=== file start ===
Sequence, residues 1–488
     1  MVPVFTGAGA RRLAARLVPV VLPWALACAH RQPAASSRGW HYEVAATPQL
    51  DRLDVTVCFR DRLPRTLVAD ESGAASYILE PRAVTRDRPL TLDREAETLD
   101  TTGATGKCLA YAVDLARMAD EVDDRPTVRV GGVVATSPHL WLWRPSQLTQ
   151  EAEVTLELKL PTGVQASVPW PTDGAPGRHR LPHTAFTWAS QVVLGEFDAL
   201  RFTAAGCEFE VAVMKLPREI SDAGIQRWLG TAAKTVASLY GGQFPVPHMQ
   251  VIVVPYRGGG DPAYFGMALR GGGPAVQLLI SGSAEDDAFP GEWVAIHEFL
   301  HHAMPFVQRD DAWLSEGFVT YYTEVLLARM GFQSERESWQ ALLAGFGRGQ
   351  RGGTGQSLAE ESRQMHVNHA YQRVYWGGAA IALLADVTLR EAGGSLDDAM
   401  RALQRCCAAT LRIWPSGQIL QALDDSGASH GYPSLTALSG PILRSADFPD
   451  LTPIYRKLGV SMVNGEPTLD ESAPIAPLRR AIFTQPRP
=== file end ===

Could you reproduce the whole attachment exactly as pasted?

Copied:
Sequence, residues 1–488
     1  MVPVFTGAGA RRLAARLVPV VLPWALACAH RQPAASSRGW HYEVAATPQL
    51  DRLDVTVCFR DRLPRTLVAD ESGAASYILE PRAVTRDRPL TLDREAETLD
   101  TTGATGKCLA YAVDLARMAD EVDDRPTVRV GGVVATSPHL WLWRPSQLTQ
   151  EAEVTLELKL PTGVQASVPW PTDGAPGRHR LPHTAFTWAS QVVLGEFDAL
   201  RFTAAGCEFE VAVMKLPREI SDAGIQRWLG TAAKTVASLY GGQFPVPHMQ
   251  VIVVPYRGGG DPAYFGMALR GGGPAVQLLI SGSAEDDAFP GEWVAIHEFL
   301  HHAMPFVQRD DAWLSEGFVT YYTEVLLARM GFQSERESWQ ALLAGFGRGQ
   351  RGGTGQSLAE ESRQMHVNHA YQRVYWGGAA IALLADVTLR EAGGSLDDAM
   401  RALQRCCAAT LRIWPSGQIL QALDDSGASH GYPSLTALSG PILRSADFPD
   451  LTPIYRKLGV SMVNGEPTLD ESAPIAPLRR AIFTQPRP